with a side of starch. She dismisses Roland's ludicrous letters
and insinuations for several reasons. But when they learn that
Ash and LaMotte did indeed meet and chat at a swanky dinner function
of the elite in late 1859 she too is intrigued enough to assist
the dreamy eyed American. She's stuffy but not stupid and realizes
how this would affect history if Christabel and his Randolph were
indeed going rabid Rhesus monkey in the days of old.
Passion possesses the two as they follow in the doomed couple's
trail of intrigue, slowly discovering ancient truths that had
been long forgotten....or buried.
the story sounds like a seventy-nine cent romance novel that you
read while standing at the checkout. But it is not. Possession
manages to remain firmly realistic even while dipping into extreme
romantic settings riddled with feather pens, gothic backdrops,
evanescent waterfalls and ruffled petticoats. Why does it work
so well? Simple. LaBute knows people. He can create a whole
being on paper; not always the nicest of folks as we LaBute fans
know; but yet so complete with minute idiosyncrasies and great
dialogs rich with truth. I can't recall ever being disappointed
by his work and here is no exception. Just a beautiful captivating
Eckhart is morphing into pure grade A mansteak gals. He's
always been a tad cute but here he's simply delectable. Partly
because he's not playing his usual LaBute as***** and partly because
he is just such an immense talent. He's an American treasure really.
In Possession Aar's Roland (unlike his past LaBute characters)
is actually a normal respectable guy with no big hang ups
(well none that aren't workable), no hatred for the softer sex,
he's genuinely sweet and he's got an amazing personality mixed
in to the fantasy. Wrap him up I'll take him! Eckhart also shows
his comic timing is as honed as his dramatic instrument. A brilliant
Paltrow is perfect as the quiet fierce bookworm with and undercurrent
of passion. I enjoy her choices. In The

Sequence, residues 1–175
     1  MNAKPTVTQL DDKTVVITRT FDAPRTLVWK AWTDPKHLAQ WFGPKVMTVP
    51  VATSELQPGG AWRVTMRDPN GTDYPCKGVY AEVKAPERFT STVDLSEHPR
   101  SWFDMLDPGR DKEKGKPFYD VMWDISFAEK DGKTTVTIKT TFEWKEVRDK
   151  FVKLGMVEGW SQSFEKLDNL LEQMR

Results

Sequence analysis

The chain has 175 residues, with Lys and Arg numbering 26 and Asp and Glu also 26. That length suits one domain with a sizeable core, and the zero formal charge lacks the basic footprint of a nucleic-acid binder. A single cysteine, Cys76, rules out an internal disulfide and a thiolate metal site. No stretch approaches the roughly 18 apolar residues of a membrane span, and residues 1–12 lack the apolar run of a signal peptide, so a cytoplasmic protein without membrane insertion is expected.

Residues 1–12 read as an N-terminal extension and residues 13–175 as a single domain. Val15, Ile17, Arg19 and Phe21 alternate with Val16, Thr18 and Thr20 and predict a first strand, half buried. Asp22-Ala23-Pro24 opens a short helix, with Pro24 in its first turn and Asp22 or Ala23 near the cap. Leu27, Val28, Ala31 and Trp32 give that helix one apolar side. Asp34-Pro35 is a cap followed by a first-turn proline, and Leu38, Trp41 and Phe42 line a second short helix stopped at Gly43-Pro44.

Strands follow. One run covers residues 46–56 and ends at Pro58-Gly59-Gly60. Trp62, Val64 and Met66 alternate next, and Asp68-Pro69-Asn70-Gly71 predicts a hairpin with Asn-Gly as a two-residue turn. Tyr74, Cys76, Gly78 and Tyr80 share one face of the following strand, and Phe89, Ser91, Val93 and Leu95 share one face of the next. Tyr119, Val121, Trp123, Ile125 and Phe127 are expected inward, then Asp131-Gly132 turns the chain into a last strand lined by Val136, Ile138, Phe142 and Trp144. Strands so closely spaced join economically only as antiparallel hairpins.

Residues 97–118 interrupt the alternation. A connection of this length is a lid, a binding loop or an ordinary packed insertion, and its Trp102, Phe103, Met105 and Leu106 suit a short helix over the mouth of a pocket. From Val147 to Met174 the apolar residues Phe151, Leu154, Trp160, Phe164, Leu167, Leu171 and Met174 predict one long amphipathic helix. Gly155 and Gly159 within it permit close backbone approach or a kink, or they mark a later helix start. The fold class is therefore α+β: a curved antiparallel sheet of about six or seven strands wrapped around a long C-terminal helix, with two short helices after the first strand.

Royal Tennenbaums she truly proved her range. She can
handle anything. Hell, I even liked Bounce.
Northam is by far one of the most exciting actors in films
today. He disappears into a role so completely one has to do a
double take to be sure it's him. He's in everything
Park (singing no less...be still my pounding heart) Enigma,
Winslow Boy etc
etc. Notice a trend? Yeah, he's usually
all studmuffined up in 'period' clothing. He's done a few thoroughly
modern Milton roles but he apparently understands he looks as
if he's accidentally stepped into a portal of time travel and
made it to this era and relishes in the roles of his "look."
And to say Jeremy's looks are breath taking is an understatement.
He's as sweet on the retina as a double stack of home made flapjacks
drizzled with warm sticky maple syrup oozing from his manly pores...several
helpings would be in order - if you know what I mean...
out the impeccable cast is Jennifer Ehle. Another wonderful British
import. Jen's a mainstay in London theater flexing her celluloid
muscles. She's a radiant actor to say the least. I remember her
from Sunshine with Studasnarus Rex Ralph
Fiennes. She sparkled there too. Though not too frequent on
the screen if you look for her name in the cast you shouldn't
be disappointed, provided you enjoy drama.
Possession is fabulous. It is a rare truly romantic film
that doubles, oddly enough, as a twisting mystery. The cast, direction,
set design, cinematography, seamless editing, script, and soundtrack
will treat you to a very special trip to the theater. Find this
Snack recommendation: Cucumber sandwiches and tea.
Blunt Interview with Jeremy Northam - though unrelated to
the film still a hoot!